Mrs Braverman yesterday said she has offered the port several dates to visit and the government is engaging with the port, with the shipping minister having already visited.

Her August letter said: ‘The government is aware of the conerns of Portsmouth International Port, such as access to skilled workers and the UK’s future trade agreements, as well as more specific issues including post-exit customs regimes.

‘I can assure you that we are seeking the best possible deal for the UK and we are working with stakeholders in order to ensure a smooth transition in the future.’

Former barrister Mrs Braverman outlined the transition period agreed with the EU, insisting ‘businesses will be able to trade on the same terms as they do now up until the end of 2020’.

She added: ‘The prospect of leaving negotiations with “no deal” has receded significantly.’

But she pointed out that Devon MP Chris Heaton-Harris is now the Dexeu minister responsible for borders.

Finishing her reply to Mr Sellers, she added: ‘[He] would very much like to hear your views regarding our exit from the EU.

‘We would therefore like to offer you a meeting. Our officials will be in touch to arrange the details.’

And on her own visit to Portsmouth’s port – a 10-minute drive from her constituency office – she said: ‘My own parliamentary officials may also be in touch to organise a separate visit.’

Gerald Vernon-Jackson, leader of Portsmouth City Council which owns the port, said: ‘Four months of not bothering to respond to something that’s really important to the economy of this country is a disgrace.

‘Either it was a deliberate thing that the minister decided that she couldn’t say anything because the government is in such a mess, or the government is in such a mess.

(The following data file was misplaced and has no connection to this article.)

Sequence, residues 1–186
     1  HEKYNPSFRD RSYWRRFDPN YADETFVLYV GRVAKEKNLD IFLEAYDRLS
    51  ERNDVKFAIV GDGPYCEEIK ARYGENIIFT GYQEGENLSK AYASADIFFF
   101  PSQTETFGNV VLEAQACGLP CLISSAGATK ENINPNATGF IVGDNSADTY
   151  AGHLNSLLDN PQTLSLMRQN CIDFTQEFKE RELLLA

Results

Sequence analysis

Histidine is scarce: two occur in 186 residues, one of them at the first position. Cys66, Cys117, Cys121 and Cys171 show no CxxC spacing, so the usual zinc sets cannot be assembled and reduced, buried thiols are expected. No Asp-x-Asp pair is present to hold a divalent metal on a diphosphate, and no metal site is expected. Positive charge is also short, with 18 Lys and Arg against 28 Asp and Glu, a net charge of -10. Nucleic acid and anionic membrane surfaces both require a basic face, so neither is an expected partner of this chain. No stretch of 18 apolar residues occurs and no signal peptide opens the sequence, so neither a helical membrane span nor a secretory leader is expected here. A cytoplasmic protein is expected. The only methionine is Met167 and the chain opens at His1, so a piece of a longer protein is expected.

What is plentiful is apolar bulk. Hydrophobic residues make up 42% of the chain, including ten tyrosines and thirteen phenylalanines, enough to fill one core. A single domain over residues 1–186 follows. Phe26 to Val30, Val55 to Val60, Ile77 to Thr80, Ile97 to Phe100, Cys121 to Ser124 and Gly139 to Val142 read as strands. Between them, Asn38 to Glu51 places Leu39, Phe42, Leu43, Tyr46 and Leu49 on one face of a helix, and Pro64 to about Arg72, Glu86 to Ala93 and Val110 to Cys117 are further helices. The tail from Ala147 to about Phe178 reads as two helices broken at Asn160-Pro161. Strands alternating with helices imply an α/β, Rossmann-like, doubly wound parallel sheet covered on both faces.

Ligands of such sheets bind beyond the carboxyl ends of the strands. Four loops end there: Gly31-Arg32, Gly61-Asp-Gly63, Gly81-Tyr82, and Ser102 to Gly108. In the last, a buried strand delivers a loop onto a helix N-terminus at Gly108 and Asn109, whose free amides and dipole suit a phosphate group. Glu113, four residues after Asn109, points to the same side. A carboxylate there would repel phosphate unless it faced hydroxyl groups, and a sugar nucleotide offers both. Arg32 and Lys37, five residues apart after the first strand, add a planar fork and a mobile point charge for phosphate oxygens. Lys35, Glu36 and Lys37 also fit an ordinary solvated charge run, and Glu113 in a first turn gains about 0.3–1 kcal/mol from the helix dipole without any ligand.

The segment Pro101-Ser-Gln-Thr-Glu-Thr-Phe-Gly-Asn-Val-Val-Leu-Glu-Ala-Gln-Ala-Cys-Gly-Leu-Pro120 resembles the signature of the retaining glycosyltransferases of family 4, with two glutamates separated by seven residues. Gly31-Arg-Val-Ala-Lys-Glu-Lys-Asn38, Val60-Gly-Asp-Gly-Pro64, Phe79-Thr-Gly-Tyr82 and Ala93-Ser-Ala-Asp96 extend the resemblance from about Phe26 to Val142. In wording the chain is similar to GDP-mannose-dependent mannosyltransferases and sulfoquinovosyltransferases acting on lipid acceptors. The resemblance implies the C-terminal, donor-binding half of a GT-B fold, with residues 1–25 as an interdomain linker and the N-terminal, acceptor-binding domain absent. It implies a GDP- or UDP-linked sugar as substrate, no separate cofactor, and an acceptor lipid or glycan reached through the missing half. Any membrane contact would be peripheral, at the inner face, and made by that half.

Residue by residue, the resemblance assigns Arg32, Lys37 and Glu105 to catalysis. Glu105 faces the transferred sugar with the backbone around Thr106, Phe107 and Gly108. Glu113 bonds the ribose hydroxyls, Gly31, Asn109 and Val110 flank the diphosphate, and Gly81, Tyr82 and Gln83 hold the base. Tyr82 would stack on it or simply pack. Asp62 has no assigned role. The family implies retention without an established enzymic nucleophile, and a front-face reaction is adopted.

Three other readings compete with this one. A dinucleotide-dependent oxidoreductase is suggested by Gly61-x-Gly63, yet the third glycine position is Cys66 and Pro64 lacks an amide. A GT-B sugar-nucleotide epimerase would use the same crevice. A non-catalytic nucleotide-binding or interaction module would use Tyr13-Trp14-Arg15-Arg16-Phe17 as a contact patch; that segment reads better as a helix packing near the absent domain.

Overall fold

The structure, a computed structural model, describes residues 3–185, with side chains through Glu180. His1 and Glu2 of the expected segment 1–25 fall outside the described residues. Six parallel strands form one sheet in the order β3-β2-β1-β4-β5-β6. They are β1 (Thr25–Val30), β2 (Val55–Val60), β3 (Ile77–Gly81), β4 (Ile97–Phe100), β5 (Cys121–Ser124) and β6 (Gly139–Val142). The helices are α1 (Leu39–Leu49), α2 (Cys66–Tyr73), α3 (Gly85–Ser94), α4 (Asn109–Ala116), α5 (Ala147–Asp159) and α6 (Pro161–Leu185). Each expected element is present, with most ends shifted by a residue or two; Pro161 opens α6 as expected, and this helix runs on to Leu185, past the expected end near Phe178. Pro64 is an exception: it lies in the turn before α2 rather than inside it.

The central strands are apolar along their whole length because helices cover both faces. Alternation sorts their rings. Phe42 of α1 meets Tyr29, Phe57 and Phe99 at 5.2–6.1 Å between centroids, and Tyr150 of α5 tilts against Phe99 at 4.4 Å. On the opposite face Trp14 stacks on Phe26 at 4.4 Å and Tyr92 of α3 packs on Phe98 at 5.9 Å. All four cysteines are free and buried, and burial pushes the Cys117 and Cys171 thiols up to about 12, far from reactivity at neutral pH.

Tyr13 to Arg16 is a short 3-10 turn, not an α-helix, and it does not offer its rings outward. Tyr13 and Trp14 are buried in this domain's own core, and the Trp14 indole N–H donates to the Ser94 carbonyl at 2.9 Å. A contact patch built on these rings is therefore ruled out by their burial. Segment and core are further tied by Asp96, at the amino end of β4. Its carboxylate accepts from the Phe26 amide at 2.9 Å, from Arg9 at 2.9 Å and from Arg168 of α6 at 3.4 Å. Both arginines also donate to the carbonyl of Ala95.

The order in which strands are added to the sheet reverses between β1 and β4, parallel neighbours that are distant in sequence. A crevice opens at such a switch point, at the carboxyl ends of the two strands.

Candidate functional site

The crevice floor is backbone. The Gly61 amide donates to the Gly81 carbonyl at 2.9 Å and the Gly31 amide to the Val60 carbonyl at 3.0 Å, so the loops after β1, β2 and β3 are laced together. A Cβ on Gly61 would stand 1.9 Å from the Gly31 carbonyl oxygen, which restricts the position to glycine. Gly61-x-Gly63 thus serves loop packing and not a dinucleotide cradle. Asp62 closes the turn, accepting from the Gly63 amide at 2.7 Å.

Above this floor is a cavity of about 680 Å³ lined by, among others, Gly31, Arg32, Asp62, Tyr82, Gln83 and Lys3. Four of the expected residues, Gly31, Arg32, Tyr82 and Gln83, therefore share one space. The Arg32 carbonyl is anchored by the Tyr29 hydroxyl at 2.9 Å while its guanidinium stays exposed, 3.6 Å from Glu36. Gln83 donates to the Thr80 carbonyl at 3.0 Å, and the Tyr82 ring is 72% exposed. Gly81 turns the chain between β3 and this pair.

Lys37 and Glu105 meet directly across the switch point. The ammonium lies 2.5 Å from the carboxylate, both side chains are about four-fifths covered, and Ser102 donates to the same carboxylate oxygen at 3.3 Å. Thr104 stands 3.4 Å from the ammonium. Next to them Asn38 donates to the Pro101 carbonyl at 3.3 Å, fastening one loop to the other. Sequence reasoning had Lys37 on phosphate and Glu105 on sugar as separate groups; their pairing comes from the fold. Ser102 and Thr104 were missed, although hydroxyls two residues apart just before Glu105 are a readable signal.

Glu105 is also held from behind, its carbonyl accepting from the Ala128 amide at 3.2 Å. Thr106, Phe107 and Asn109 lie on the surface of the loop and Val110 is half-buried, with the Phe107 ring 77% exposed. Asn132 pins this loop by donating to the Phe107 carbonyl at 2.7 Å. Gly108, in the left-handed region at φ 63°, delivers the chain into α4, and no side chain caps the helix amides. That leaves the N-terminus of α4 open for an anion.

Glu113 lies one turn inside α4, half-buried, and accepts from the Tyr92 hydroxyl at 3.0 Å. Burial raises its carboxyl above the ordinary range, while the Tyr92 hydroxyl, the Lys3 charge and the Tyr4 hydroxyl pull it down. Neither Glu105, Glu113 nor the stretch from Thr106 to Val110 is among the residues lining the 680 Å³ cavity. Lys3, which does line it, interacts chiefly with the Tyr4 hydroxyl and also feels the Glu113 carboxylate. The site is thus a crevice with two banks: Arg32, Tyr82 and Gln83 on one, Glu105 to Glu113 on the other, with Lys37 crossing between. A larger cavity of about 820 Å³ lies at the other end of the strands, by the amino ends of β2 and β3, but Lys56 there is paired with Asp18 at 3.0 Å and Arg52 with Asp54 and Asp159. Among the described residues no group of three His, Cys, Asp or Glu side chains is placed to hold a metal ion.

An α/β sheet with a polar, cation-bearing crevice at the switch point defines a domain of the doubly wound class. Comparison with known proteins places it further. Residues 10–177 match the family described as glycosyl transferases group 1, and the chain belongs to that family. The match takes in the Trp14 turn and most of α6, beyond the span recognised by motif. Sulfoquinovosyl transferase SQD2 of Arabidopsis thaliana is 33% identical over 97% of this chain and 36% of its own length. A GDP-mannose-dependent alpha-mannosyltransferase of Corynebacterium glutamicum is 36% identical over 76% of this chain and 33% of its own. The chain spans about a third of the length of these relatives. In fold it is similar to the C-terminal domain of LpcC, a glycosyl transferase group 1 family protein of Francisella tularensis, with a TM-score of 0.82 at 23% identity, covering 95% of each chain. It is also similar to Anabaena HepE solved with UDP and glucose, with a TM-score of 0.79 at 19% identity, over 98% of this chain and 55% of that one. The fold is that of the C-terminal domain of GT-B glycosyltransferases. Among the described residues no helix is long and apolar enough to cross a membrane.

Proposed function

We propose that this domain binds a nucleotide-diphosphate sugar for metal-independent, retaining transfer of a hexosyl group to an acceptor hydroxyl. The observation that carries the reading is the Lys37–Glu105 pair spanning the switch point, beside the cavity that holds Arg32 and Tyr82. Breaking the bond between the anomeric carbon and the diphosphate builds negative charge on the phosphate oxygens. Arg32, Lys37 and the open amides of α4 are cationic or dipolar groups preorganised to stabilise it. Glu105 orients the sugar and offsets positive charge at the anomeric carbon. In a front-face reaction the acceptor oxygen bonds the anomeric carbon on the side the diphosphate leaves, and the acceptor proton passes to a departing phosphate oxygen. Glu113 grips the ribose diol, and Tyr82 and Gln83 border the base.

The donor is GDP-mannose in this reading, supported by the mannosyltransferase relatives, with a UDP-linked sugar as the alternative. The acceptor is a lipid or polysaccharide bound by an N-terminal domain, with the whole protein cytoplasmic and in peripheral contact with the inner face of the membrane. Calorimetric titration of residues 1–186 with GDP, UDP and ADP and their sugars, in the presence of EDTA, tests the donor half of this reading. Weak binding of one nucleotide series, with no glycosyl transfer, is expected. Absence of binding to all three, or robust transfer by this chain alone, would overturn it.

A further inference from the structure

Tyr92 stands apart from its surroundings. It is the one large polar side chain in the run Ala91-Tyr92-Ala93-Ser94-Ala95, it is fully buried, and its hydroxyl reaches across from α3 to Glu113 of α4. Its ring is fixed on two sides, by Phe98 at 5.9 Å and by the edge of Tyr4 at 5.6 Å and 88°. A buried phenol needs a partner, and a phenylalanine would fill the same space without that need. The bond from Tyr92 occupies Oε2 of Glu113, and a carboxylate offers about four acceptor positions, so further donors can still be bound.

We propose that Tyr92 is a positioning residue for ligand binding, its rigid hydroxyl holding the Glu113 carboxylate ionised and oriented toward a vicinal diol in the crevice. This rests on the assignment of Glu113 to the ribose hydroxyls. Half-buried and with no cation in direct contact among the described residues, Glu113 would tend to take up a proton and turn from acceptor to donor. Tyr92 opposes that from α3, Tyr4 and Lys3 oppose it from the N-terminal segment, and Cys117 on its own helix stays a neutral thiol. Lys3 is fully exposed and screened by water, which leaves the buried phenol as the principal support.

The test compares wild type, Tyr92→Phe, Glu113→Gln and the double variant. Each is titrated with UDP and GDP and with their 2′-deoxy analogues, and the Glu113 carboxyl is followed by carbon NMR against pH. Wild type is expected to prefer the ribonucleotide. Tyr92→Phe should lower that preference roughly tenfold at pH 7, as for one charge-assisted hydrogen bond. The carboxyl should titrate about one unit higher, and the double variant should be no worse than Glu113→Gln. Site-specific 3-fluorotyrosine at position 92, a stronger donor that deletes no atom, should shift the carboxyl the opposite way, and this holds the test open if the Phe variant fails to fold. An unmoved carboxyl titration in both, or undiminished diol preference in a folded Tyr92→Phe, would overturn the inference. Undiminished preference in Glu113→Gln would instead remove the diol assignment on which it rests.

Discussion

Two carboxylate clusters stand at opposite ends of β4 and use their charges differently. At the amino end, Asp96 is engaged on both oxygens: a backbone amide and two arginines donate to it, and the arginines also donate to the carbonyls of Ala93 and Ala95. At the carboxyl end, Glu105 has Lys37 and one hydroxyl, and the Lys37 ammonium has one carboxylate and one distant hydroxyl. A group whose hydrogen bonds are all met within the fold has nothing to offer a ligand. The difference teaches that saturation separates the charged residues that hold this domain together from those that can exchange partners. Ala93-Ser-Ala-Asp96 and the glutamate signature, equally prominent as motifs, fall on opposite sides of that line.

‘She’s an MP whose constituency includes parts of Portsmouth Harbour.

‘It’s really important to people she responds, and to only respond after four months and only to do it in response to an FOI from The News is really disgraceful.’

The FOI found Mrs Braverman had told Portsmouth South MP Stephen Morgan that the ministers had more than 350 recorded ‘Dexeu-organised engagements with stakeholders since July 2016’, had attended more than 80 roundtable discussions and met with thousands of businesses.

In the letter to Ms Dinenage, Mrs Braverman said she had personally visited Southampton, Heathrow, the Eurotunnel and Dover.

A Dexeu spokesman said there had been a ‘mix up’ over its comments on the letters last month. He said: ‘Our team which deals with correspondence appears to have thought you were referring to the two letters from local MPs about the port and it was those which they confirmed we had responded to.’

He added: ‘We understand how critical it is to keep trade flowing when we leave and that is why we have been engaging extensively with ports, including Portsmouth.’

Ms Dinenage said she has not met the Fareham MP in a ‘ministerial capacity’ but they regularly talk about Fareham and Gosport shared interests.